WAUKESHA -- Waukesha County Clerk Kathy Nickolaus handed off her election duties to the Deputy County Clerk Thursday, April 5th, two days after Wisconsin's presidential primary election. This, after County Executive Dan Vrakas also gave Nickolaus the option of resigning altogether.
Vrakas said he sat down with Nickolaus Thursday afternoon and told her the problem was bigger than her, and bigger than him. He said people have lost faith in the election process in Waukesha County and something needed to be done.
In a statement released Thursday afternoon, County Executive Vrakas said, "I presented two options to Waukesha County Clerk Kathy Nickolaus, resignation, or designating the Deputy Clerk to run the upcoming recall election. Kathy agreed to hand off her election duties to the Deputy County Clerk in order to avoid my public call for her resignation. In stepping aside, Kathy also agreed to allow outside consultants and county staff to work side-by-side with the Deputy Clerk to help restore confidence in our election process."
The Vrakas options given to Nickolaus came after there were new questions raised about the way election results were counted in Waukesha County during Tuesday's presidential primary election.
Complaints included slow results and hours of lag time before numbers were put online. Raw voting machine numbers were taped to the wall outside Nickolaus’ office Tuesday night, and reporters and candidates were told to add the numbers themselves.
In April of 2011, more than 14,000 votes in the City of Brookfield were not initially counted, after Nickolaus didn’t press “save” on the computer. When the mistake was discovered, it flip-flopped the winner in a close Wisconsin Supreme Court race. Joanne Kloppenburg was no longer the victor – David Prosser was. After that, Nickolaus worked with the Wisconsin Government Accountability Board on a process to check the numbers. Nickolaus says that is what slowed down vote counting during Tuesday’s election.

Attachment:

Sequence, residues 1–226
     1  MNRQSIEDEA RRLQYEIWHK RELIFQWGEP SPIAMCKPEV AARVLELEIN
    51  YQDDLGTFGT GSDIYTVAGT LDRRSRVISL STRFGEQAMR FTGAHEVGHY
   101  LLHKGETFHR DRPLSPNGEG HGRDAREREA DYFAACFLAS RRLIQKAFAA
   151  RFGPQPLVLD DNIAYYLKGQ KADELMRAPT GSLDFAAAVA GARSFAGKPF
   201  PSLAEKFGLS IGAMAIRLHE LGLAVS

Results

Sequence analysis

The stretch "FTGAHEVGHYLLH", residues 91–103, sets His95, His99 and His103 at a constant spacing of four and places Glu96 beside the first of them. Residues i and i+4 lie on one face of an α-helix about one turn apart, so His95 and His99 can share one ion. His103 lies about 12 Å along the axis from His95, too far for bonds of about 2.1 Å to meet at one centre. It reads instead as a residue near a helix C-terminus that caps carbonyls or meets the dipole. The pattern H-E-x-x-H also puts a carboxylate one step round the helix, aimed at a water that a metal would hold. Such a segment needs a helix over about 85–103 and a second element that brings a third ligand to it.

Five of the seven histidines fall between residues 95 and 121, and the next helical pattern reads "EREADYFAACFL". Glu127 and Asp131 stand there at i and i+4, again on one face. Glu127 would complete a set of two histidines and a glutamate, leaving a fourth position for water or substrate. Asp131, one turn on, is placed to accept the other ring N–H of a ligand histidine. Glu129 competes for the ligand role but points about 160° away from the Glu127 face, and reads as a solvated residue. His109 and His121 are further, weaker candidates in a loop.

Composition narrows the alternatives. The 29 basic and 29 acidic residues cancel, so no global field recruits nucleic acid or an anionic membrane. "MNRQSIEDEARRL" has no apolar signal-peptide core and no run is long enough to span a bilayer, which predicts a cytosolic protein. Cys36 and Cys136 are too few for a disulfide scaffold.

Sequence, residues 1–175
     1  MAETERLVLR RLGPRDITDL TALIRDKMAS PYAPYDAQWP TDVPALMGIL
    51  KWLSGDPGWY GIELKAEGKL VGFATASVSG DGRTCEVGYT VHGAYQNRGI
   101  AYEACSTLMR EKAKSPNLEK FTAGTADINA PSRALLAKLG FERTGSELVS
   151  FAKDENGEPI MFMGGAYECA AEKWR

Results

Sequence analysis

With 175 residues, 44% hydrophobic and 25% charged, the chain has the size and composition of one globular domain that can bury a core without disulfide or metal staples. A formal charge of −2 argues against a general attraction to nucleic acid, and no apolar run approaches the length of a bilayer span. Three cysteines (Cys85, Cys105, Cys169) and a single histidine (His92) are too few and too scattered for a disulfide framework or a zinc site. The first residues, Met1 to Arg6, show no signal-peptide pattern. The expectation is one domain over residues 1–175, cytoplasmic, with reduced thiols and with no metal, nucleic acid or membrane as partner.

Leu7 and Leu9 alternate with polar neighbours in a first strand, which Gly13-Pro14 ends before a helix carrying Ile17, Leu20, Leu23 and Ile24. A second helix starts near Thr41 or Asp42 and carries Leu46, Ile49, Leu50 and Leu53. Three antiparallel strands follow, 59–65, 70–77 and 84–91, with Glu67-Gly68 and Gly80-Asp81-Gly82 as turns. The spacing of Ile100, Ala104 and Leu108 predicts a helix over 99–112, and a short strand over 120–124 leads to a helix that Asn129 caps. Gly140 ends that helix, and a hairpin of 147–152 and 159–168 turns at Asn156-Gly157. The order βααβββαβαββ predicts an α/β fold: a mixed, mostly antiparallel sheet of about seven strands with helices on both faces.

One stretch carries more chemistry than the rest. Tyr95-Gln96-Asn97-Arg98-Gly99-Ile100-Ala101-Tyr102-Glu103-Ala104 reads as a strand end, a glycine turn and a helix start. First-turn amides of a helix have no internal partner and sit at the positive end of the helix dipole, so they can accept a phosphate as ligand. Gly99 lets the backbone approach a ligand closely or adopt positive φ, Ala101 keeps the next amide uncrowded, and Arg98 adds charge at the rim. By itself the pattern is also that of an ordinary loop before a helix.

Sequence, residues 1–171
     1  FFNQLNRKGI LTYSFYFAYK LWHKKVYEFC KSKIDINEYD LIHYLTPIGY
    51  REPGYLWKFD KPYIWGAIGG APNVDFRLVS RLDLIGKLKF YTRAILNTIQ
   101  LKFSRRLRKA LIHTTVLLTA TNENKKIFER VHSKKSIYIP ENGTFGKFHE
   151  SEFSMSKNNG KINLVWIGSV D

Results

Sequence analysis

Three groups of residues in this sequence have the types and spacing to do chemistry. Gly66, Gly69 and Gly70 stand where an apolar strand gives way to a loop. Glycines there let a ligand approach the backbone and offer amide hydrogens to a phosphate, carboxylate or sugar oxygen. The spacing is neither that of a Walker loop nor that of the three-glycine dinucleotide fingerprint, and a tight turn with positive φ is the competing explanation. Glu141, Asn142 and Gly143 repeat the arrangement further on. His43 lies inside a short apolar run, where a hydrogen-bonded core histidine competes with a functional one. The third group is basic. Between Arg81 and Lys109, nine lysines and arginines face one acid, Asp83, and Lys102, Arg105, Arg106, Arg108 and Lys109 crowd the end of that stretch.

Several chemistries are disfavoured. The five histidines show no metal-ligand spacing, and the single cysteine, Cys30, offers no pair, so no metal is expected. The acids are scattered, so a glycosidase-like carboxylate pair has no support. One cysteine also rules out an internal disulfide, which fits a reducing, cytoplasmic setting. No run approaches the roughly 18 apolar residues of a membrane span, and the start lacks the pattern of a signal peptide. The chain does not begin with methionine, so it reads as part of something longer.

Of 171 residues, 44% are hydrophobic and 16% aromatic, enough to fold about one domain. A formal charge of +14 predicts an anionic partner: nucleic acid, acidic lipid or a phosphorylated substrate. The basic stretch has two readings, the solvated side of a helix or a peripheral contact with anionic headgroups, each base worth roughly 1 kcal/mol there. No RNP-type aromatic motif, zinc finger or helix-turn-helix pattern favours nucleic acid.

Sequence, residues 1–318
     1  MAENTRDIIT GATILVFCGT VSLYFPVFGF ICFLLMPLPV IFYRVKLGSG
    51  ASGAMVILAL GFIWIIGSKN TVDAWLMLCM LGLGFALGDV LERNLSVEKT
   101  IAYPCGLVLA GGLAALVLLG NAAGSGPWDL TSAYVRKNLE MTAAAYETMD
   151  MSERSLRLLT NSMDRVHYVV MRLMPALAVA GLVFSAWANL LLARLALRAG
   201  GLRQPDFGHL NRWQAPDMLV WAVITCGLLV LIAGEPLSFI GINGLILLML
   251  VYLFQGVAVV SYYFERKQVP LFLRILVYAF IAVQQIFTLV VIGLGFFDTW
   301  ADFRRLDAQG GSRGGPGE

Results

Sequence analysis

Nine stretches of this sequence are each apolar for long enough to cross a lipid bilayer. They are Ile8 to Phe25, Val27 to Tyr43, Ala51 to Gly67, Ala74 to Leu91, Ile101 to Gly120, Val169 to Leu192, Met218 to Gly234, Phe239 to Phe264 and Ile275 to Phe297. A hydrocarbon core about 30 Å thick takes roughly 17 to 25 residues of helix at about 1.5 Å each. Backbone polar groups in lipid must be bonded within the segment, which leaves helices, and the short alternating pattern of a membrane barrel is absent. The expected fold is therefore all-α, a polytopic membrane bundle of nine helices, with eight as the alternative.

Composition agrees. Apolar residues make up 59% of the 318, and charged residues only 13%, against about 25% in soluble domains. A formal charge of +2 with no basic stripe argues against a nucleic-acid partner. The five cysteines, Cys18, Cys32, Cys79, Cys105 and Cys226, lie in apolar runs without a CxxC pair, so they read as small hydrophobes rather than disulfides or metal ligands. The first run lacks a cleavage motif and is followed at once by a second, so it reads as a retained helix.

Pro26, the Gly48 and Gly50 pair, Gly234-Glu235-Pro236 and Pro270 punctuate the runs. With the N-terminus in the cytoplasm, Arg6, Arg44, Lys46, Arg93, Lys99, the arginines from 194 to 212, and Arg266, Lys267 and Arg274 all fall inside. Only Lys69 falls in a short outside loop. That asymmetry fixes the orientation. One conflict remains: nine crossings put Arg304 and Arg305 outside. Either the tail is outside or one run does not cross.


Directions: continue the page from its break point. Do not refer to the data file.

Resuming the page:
Vrakas told FOX6 News Thursday night because Nickolaus' position is an elected one, he couldn't force her to step aside or resign. He could only ask. Nickolaus keeps her title as clerk, and full pay. Had Nickolaus refused to step aside, a two-thirds County Board vote would've been required, and they would have to prove just cause and allow time for due process. "I'm very appreciative of the fact that the clerk agreed to step aside immediately, because the election is five weeks away. Under statutes, the County Board has a procedure that they can remove people from office, but it's very drastic and can be very time consuming. There's due process involved," Vrakas said.
Vrakas said it is critical now that focus is placed on Nickolaus' deputy clerk. "Put the full force and resources of county government in that office, and find out exactly what we need to do, and what the issues are," Vrakas said.
Nickolaus' term as clerk is up in the fall.